Glass shrimps (Palaemon affinis) are often found inhabiting the branches and breathing roots of mangroves. We have seen several apparently engaged in removing parasites from the skin of a parore that was resting under an overhang in the main channel. If you are patient and hold your hand out, glass shrimps will land on it and start “cleaning” it of surplus particles, including dirt from under your fingernails—nature’s own manicure. Although they have a protective exoskeleton, they are not invulnerable to attack from the ever-present estuarine triplefin. We have also witnessed an injured glass shrimp fall to the bottom, where it was attacked and devoured alive by a number of whelks.
On one foray we encountered a purple rock crab (Leptograpsus variegatus) foraging in sea grass. It tried to take shelter under the green blades while keeping a watchful eye on us. Most active at night, this species is an unusual daytime find at any distance from the rocky crevices it generally inhabits during the day. A close look revealed this one had only a single claw—a reminder of the daily struggle for survival.
One of the most common crabs in the estuary is a small pill-box crab (Halicarcinus whitei), barely a couple of centimetres across at full stretch. Its diminutive size does not deter it from waving its claws in a threatening manner when disturbed. One of our photographs showed three crabs—an egg-bearing female being held by a larger male, and another male approaching. Female Halicarcinus carry their brood beneath them until the larvae have developed sufficiently to be released. She then produces another batch of eggs which are immediately fertilised by sperm she has stored and starts the brooding process again. The female will mate with any male she encounters and stores the sperm until required, however, sperm from the crab she mated just before laying are those that do the fertilizing. To increase the chance of fathering off-spring, male Halicarcinus have developed a mate-guarding behaviour. When a male sees a female releasing her larvae (as this one was), he clasps her with his chelipeds to ensure he mates with her just before she lays her fresh set of eggs. Despite the presence of a male in residence, other males will take a keen interest in proceedings.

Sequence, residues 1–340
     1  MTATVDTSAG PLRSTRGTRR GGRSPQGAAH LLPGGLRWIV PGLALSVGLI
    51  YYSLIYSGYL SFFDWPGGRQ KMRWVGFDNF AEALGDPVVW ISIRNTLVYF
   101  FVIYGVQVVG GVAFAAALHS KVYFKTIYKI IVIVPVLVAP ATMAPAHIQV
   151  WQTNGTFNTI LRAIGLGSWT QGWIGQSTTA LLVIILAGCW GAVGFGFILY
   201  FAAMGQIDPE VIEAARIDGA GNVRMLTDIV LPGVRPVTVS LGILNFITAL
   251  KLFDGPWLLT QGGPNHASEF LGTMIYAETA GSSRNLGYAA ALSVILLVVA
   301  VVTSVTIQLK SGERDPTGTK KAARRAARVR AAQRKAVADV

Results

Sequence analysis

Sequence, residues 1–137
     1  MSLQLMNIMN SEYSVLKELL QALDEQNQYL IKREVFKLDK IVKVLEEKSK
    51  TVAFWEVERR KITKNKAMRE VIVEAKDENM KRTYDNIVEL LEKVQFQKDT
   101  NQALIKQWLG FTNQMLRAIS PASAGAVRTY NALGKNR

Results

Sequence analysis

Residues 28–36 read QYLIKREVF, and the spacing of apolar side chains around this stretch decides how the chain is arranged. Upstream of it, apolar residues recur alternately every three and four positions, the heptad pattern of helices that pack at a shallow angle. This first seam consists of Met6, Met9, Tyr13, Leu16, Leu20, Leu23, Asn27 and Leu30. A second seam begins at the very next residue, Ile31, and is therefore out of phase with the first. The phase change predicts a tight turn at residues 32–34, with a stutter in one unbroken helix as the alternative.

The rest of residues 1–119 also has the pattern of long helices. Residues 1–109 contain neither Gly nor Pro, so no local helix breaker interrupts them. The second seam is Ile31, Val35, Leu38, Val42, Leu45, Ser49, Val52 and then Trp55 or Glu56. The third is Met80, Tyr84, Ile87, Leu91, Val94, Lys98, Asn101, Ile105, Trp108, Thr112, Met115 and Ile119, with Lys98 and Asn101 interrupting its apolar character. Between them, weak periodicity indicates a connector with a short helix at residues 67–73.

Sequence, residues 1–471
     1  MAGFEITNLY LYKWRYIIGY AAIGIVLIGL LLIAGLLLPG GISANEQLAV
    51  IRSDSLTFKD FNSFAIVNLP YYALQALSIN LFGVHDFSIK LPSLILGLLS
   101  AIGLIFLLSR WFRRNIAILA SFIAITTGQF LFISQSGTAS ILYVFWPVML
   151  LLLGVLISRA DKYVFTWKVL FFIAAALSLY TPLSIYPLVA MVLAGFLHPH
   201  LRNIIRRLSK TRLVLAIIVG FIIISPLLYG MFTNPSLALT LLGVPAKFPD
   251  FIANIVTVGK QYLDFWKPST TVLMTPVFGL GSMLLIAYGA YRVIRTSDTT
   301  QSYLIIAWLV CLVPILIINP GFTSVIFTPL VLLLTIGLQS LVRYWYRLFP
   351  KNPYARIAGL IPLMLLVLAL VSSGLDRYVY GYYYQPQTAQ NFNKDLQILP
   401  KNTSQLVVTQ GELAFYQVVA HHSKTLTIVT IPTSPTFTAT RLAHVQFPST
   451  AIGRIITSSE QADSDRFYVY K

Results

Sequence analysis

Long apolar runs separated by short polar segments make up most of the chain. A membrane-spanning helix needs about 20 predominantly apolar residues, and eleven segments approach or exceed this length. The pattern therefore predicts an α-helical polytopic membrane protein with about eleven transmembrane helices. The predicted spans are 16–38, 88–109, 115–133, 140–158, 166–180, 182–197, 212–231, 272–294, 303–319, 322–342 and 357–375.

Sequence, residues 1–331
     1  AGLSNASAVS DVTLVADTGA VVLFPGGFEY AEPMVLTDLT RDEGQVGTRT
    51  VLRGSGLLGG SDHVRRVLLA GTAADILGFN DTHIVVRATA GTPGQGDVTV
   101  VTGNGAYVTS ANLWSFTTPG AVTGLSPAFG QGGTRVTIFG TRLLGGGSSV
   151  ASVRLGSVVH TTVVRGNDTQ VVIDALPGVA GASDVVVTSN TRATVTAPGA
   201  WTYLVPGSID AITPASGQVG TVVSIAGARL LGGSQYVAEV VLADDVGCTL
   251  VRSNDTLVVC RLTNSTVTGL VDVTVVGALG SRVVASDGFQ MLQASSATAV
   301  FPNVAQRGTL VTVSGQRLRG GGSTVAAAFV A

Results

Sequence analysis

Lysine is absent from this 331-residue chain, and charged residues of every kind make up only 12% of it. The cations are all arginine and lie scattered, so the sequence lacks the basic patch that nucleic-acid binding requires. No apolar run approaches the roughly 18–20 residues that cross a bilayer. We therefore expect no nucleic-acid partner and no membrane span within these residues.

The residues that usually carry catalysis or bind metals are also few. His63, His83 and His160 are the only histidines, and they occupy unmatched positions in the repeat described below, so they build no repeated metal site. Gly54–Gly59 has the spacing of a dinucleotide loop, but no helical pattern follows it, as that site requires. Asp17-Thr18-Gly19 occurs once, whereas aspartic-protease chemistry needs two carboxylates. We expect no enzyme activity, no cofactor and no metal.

One of the bonuses of exploring the Matapouri estuary is that it sharpens the eye. Every day interesting and odd behaviours occur that are unlikely to be noticed by the casual observer. Although the estuary cannot match the Poor Knights for diversity, abundance and sheer magnificence of marine life, relative simplicity can have its advantages. In a simpler community the daily details of life are more readily discerned than in a grander more complex ecosystem. And again and again we find the small details are the most fascinating and provide the most rewarding insights into the web of interactions that characterises life in the shallows.